When I speak to senior students at art schools, there is one major thing I try to impress upon them: to freelance is to run a small business, and a freelance design business has all the needs and headaches of running a bakery, pizza parlor, or crack house — although a crack house basically only needs a steady supply of product, and doesn’t need advertising, bookkeeping, furniture, and their collection methods are a bit different than any other business.

Usually, this is when several students run to the president of the school, in tears, to demand their tuition back because no one ever told them it would be so hard to be a designer. Welcome to the reality of business!

Part of that business is the same thing a competent designer will have to know to sell their services when a client with a new business wants a logo to start their road to success. There are many discussions on a logo vs. a brand. I can assuredly write that the two are intertwined but still two different things.

When you start your freelance business, you will need both.

Where to start?

A logo is, quite simply, your signature; your name; the symbol by which people will identify you at first, or second sight. If you were a sweater, it would be your label, and embroidered logo. Your logo design, of course, should reflect your brand.

A brand is who you are as a person, or company. Are you fun, and frivolous? Are you service-oriented with a thousand-year history of service? If you were a sweater, your brand would be how you feel when being worn. Stiff, and scratchy, or warm and soft? Mine would be easy to rip off my body!

So, you really need to consider who you are, and who you want others to think you are. When deciding, it’s best to be truthful with yourself, and your branding. Of course, having the name, “Whiney, Paranoid Design” may not be a winner when clients are weighing you against “No Baggage Design.”

What they don’t tell you about branding

In all of the articles I’ve read on branding, no one ever touches upon the mystical part, if you will, of pushing your brand. It’s not so much a secret, nor is it frowned upon, it’s just that so many people aren’t creative, and some people can’t carry off their own brand. Like the TV evangelist who preaches against sin, and is discovered with numerous prostitutes in a Motel 6, you need to reflect the brand faithfully, as if it’s your first nature… which it should be, anyway, or you will lose brand respect.

Throughout my life, I’ve marveled at some people with very out loud brand. A famous cartoonist I knew, wore tweed sport coats over a T-shirt, with white cotton pants, and navy blue deck shoes and no socks. Every day. In the wet of the spring, in the sweaty heat of summer, the chilly winds of fall, and the ice and snow of winter. Always the same outfit and no socks. Everyone knew him coming down the street.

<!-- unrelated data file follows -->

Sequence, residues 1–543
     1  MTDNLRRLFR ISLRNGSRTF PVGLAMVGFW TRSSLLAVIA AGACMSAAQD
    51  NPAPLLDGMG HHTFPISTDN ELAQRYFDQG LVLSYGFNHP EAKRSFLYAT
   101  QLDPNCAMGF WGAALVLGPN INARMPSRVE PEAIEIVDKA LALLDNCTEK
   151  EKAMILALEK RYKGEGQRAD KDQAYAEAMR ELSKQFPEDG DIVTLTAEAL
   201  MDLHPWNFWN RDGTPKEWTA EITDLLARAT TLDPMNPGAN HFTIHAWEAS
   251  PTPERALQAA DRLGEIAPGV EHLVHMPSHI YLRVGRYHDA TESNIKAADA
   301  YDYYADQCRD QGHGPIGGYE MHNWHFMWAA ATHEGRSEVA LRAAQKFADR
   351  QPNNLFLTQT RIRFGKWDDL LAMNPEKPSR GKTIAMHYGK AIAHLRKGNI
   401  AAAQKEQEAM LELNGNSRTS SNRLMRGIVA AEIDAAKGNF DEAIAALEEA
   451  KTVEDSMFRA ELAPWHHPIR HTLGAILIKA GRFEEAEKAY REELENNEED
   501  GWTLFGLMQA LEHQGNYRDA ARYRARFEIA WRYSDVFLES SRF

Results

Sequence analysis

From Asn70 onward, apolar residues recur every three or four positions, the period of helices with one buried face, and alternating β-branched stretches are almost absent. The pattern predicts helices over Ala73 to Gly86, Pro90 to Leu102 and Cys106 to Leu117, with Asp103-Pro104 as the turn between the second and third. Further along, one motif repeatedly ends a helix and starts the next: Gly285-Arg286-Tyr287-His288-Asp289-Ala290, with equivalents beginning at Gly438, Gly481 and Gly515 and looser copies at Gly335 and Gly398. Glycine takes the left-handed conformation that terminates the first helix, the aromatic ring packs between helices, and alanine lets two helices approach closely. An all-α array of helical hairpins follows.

I’ve met a lady who wears nothing but red with red lipstick, and a red hat. It’s been many years, and I don’t remember her business, but I would know her in a moment if I saw her, and want to know what she has been up to.

Still, outfits and quirky accessories are pretty tame. A famous illustrator I knew many years ago, always had a band-aid on his face. Same spot, every day. People discussed if he had a melanoma, or a hole, or diminutive twin hidden on purpose. Becoming so familiar, it became his personal brand.

I’ve known plenty of accidental brands over the years. The most you can hope for is that the brand is flattering, or makes a great story at a cocktail party.


Then there are those who create a lifestyle around a brand; usually, it’s fine artists, and fashion moguls that live their brand 24/7. It’s not just what they do, it’s also the people they know, and hang around, the places they are seen, and the number of photos they get in the society, or business page in the local newspaper.

Hunter S. Thompson had a lifestyle brand — insanity with deliberate drug-fueled freak outs to punctuate his subject.

Andy Warhol was at all the best parties, gallery openings, exclusive night clubs, etc. Warhol was as much a part of his brand as was his actual creative work. Some say his personal brand was a bigger part.

This is networking to the extreme. Granted, connecting via networking is a huge part of business. If you decide to burn it up with a personal brand that is at all the right places, then be prepared to be lonely, and without real friends as you are on, as mentioned, 24/7, being a character. There’s nothing wrong with it — it’s just that keeping it up is a major effort, and burnout is common among most branding social climbers.

How far does branding go?

Sometimes we need to evolve our lives, and our brand goes with us. Skulls and snakes are replaced by babies and kittens in personal logos, freelancers grow their businesses into design firms, and sometimes your brand just isn’t working.

The largest corporations do it (like the recent Yahoo!™ logo change, still awaiting the new branding to catch up), so, there’s no reason you can’t change what feels old, no longer you, or something that just hasn’t been working, like a logo with skulls, and snakes, AND babies, and kittens!

Do you have an odd brand? Are you still trying to find what makes you, you? Let us know all about it in the comments.

About the author
Speider Schneider is a former member of The Usual Gang of Idiots at MAD Magazine and has designed products for Disney/Pixar, Warner Bros., Harley-Davidson, ESPN, Mattel, DC and Marvel Comics, Cartoon Network and Nickelodeon among other notable companies. Speider is a former member of the board for the Graphic Artists Guild, co-chair of the GAG Professional Practices Committee and a former board member of the Society of Illustrators. Follow him on Twitter @speider or add him on Google+More articles by Speider Schneider

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